Patrick123

Jan 2006
JHB, South Africa

157 Posts Quote:
 Originally Posted by Jens K Andersen I found better algorithms and computational results at http://www.primepuzzles.net/puzzles/puzz_358.htm
I saw that the footnotes, point to puzzle 173, and I assumed Fred would logically follow the appropriate chains, but thanks for pointing out #358, I would have most probably missed it.

Regards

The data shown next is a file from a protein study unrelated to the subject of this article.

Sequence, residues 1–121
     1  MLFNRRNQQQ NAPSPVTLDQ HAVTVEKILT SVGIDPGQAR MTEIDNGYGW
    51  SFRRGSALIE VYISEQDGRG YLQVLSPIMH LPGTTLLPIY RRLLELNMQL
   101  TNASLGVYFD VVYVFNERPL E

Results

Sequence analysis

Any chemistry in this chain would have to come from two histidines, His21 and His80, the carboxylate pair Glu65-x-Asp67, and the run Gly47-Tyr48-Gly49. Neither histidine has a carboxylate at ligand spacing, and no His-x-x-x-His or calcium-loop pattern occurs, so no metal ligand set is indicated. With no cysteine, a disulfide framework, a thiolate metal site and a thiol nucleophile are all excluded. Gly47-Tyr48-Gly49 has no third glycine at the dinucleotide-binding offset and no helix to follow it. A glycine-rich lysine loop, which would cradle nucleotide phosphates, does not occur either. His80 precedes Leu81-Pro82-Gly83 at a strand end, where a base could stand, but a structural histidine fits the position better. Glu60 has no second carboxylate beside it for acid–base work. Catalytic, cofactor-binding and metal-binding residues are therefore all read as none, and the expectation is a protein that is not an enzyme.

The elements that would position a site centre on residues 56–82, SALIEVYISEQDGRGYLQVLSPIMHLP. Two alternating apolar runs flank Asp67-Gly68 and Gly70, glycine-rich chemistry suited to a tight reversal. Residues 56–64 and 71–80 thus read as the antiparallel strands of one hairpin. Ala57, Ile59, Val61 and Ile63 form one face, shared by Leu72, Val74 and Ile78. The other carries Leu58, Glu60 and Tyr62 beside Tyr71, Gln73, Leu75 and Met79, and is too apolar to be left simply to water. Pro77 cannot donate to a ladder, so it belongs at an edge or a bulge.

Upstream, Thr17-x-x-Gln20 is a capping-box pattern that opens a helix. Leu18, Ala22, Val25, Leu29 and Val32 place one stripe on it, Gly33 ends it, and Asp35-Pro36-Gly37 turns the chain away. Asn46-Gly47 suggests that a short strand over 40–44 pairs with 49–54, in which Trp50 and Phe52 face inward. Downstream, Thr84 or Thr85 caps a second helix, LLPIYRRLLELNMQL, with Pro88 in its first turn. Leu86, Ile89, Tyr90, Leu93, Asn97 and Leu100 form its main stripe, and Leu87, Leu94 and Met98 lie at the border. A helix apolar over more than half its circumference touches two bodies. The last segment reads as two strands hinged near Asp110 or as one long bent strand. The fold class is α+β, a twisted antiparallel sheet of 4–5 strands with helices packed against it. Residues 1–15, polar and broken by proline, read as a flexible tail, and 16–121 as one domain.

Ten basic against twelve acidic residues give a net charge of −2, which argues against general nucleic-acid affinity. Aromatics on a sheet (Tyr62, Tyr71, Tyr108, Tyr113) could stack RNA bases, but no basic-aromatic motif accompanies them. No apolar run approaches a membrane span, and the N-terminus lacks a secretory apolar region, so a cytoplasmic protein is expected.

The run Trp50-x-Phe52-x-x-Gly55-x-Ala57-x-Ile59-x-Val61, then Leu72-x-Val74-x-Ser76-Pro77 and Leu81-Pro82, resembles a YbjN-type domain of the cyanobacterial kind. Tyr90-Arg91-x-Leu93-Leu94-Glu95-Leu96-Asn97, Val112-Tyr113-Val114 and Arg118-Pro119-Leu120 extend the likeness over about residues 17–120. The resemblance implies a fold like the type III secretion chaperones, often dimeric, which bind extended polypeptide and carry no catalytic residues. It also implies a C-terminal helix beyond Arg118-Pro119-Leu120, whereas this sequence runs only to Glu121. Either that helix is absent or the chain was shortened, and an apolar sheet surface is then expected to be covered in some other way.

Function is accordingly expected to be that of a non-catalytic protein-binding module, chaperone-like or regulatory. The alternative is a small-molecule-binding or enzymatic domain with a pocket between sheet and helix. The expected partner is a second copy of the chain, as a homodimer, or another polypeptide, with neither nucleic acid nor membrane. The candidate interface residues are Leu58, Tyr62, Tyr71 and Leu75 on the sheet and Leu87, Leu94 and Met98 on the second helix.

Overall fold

Patrick   2007-03-24, 00:18 #9 grandpascorpion   Jan 2005 Transdniestr 503 Posts This is interesting but a totally different problem: sum of prime factors vs. CYF's sum of divisors. By the way, I see know why I haven't found any solutions: I picked the number n between 20 and 50 million with s solutions (numbers such that their divisor sum = n) such that log(n)/log(s) was minimized. Assuming the solutions were randomly distributed, I compute the odds of an ap sequence of 4 among s solutions in the range from minSolution to maxSolution. The number is 43545600 and has 4289 solutions. log(n)/log(s)=2.103027 The min solution is 9646560, the max is: 43532389. Assuming my logic is correct the odds of finding one or more ap sequences of length 4 given 4289 random numbers in that range is only 4.78%. get4Odds(n,r) ={ m=floor((r-1)/3); num4aps = r*m-3*m*(m+1)/2; choose4range = binomial(r,4); choose4sols = binomial(n,4); return(1-(1-num4aps/choose4range)^(choose4sols)); }   2007-03-25, 22:16 #10 grandpascorpion   Jan 2005 Transdniestr 503 Posts Solution to CYF35 found and reported Yesterday I found a solution to CYF35 that is likely minimal. I wrote a program in PARI to search for all solutions by divisor sum N. Initially, I limited the search to multiples of 24 but found that the number of a.p.'s of length 3 was very small unless there was a high number of divisors of N. So, I limited the search to numbers where numDivisors(N)^3 > N. The other day , I added a 2nd check to find the odds of an a.p. of length 4 given there were X solutions between the maxSolution and the minSolution (and assuming that the solutions were randomly distributed). For a candidate, if there was < 1% chance of finding an a.p. , I would skip over it. Roughly, only about 1 in million numbers are considered around the 100 million mark. So, an exhaustive search was not performed through this point but it's likely that this is minimal. I reported this solution to the site: 119508480 = 2^9 * 3^3 * 5 * 7 * 13 * 19 4 terms in arithmetic progression with difference: 2138892 = 2^2 * 3 * 7 * 25463 34560288 = 2^5 * 3^2 * 7^2 * 31 * 79 (sumDivs = 31 * 13 * 57 * 32 * 80 = 119508480) 36699180 = 2^2 * 3 * 5 * 7 * 59 * 1481 (sumDivs = 7 * 4 * 6 * 8 * 60 * 1482 = 119508480 ) 38838072 = 2^3 * 3 * 7 * 13 * 17783 (sumDivs = 15 * 4 * 8 * 14 * 17884 = 119508480) 40976964 = 2^2 * 3^2 * 7 * 113 * 1439 (sumDivs = 7 * 13 * 8 * 114 * 1440 = 119508480)   2007-03-26, 07:31 #11 Patrick123   Jan 2006 JHB, South Africa 157 Posts  Congratulations! I took the approach of generating a text file - "sum of divisors", "number". 10 Million numbers at a time about 200MB . I then used the normal sort utility in M\$ to sort it, and now I was about to write the program to do a sequential read of the file and pick any a.p.'s. Regards Patrick   Thread Tools Show Printable Version Email this Page Similar Threads Thread Thread Starter Forum Replies Last Post mathPuzzles Computer Science & Computational Number Theory 9 2017-07-01 03:35 MattcAnderson MattcAnderson 28 2017-05-08 20:58 VoltsNCodes Msieve 13 2013-06-14 15:14 jasonp Factoring 8 2011-08-20 13:42 maxal Software 18 2010-10-04 17:11